On the hill: Feds investigate rare bear killing
September 8, 2007
BOISE, Idaho ” The U.S. Fish and Wildlife Service and the Idaho Department of Fish and Game are investigating the killing of a large grizzly bear in north-central Idaho, where the last confirmed sighting of the species was in 1946, officials said Friday.
The bear, a member of a threatened species, was killed Monday by a hunter near Kelly Creek about three miles from the Montana border, said Steve Nadeau, statewide large carnivore manager for Fish and Game.
He said the bear was not confirmed as a grizzly until Friday, after the hunter and guide had packed it out of the remote, roadless area and contacted authorities.
The name of the hunter, who is from Tennessee, is not being released, Nadeau said. He said the person was on a guided trip, hunting black bear with bait. Nadeau said the guide, whose name was also not released, was not present when the bear was killed. Black bear season opened Aug. 30.
Nadeau said the male grizzly weighed 400 to 500 pounds and was 6 to 8 years old. The hunter and guide skinned the carcass and brought it out on horseback so it could be confirmed as a grizzly by authorities, Nadeau said. It is now in the possession of Fish and Game.
In April, the Fish and Wildlife Service lifted Endangered Species Act protections for grizzlies in and around Yellowstone National Park. But the bear killed Monday was not part of that population, Nadeau said, and therefore retained federal threatened-species protection. He said that is why the investigation also involves federal authorities.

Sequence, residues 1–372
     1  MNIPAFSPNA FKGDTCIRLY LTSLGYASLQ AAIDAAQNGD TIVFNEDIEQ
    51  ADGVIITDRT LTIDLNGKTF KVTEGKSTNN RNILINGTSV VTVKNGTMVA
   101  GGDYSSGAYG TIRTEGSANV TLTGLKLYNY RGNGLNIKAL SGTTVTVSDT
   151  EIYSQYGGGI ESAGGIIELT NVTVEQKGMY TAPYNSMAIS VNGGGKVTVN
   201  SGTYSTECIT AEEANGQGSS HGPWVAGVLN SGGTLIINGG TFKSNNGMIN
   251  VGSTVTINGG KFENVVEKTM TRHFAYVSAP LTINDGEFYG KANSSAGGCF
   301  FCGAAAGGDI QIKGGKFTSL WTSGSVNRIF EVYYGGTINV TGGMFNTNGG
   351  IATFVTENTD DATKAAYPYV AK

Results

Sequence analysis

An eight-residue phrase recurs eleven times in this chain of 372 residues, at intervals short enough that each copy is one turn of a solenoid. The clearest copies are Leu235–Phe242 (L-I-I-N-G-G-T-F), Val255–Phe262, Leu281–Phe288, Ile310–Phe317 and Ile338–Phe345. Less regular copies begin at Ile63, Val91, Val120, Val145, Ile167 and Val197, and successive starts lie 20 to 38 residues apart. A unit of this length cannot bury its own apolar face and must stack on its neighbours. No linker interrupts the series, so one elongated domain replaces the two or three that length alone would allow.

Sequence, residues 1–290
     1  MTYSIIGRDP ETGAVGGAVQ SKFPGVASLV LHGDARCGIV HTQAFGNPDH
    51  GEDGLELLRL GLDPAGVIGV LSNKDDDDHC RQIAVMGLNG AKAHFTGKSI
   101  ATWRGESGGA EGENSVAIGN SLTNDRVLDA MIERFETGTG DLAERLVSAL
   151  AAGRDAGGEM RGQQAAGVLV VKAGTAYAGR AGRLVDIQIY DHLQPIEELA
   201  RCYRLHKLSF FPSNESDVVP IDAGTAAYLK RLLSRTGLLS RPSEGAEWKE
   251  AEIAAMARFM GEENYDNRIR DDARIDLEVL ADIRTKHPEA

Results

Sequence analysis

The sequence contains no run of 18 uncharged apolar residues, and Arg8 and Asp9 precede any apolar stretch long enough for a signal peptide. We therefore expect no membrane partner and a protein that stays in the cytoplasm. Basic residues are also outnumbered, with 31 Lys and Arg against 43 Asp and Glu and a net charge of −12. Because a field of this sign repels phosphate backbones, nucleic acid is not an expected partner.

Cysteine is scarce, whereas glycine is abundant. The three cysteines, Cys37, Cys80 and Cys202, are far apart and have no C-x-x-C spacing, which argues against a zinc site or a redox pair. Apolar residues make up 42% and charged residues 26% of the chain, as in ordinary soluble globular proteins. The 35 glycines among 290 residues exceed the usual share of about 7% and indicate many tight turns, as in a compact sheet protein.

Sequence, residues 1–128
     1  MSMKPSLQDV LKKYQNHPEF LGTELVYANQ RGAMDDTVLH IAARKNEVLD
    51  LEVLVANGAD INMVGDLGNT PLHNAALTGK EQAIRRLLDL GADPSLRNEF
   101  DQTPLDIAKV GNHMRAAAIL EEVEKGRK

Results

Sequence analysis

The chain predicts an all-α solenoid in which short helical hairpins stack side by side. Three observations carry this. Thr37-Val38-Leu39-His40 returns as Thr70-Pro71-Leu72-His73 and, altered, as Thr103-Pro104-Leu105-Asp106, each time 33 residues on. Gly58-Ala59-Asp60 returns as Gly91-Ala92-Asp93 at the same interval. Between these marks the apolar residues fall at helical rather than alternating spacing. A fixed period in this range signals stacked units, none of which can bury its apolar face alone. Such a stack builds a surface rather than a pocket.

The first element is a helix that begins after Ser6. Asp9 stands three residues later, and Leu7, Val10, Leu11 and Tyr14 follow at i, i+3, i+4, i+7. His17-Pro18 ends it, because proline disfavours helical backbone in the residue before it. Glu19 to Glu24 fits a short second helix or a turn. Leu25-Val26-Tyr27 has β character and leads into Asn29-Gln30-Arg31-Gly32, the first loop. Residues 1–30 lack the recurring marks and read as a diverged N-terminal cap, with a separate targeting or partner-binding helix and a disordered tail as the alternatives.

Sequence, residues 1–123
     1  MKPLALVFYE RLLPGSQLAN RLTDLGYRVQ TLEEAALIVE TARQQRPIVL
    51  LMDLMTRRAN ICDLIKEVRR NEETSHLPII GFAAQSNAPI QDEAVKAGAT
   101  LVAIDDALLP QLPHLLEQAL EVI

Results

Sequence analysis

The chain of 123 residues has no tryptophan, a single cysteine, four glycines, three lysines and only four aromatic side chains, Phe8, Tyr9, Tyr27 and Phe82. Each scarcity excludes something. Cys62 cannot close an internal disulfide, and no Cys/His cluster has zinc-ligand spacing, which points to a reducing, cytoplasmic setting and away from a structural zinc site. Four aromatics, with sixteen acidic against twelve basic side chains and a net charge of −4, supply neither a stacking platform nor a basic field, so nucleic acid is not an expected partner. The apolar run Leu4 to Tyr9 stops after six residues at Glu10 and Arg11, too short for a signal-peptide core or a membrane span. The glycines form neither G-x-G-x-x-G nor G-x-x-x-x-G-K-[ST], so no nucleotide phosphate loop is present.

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Asked whether the hunter would likely face penalties, Nadeau simply said the matter was under investigation.
Chris Servheen, Fish and Wildlife grizzly bear recovery coordinator, would say only that the death was under investigation.
Asked if it was sad to confirm the presence of a grizzly in this way, Servheen, based in Missoula, Mont., said, “Yeah, it’s really sad to see this bear dead. It’s a beautiful grizzly bear. I know the hunter and guide are very sad also.
“It’s not a place you would expect to find a grizzly bear because after all they haven’t been seen there in years.”
In a federal court lawsuit, several environmental groups have challenged the federal decision to lift the 32-year-old “threatened” status for the 500 to 600 Yellowstone-area bears, which live in parts of Wyoming, Idaho and Montana.
The groups say the grizzly gene pool is still too small to assure future viability of the species that once roamed the area by the thousands.
The bear killed this week was in the Selway-Bitterroot ecosystem that includes part of north-central Idaho and western Montana, and where wildlife officials have been expecting grizzly bears to repopulate on their own.
“We’ve put an awful lot of effort in over the years to verify grizzly bears are in the Selway ecosystem,” Nadeau said. “That’s one area where we expected grizzly bears to show up ” Kelly Creek.”
Kelly Creek flows southwest into the North Fork of the Clearwater River.
Nadeau said the bear possibly came from the Cabinet-Yaak ecosystem in western Montana or the Northern Continental Divide ecosystem that includes Glacier National Park, and that DNA tests are planned to try and determine the bear’s origin.
Prior to Friday, Nadeau said Fish and Game had been telling black bear hunters that there were no grizzly bears in the area. He said hunters are now being warned that grizzlies are in the area, and that they are not legal to hunt.
“Where there’s one there are likely others,” said Nadeau. “Grizzly bears, like other animals, try to find each other.”
He said the killing of the grizzly could be a setback for grizzlies returning to the area, which is considered prime habitat for the species.
“It’s the first verified animal in 60 years, and it’s no longer there,” he said.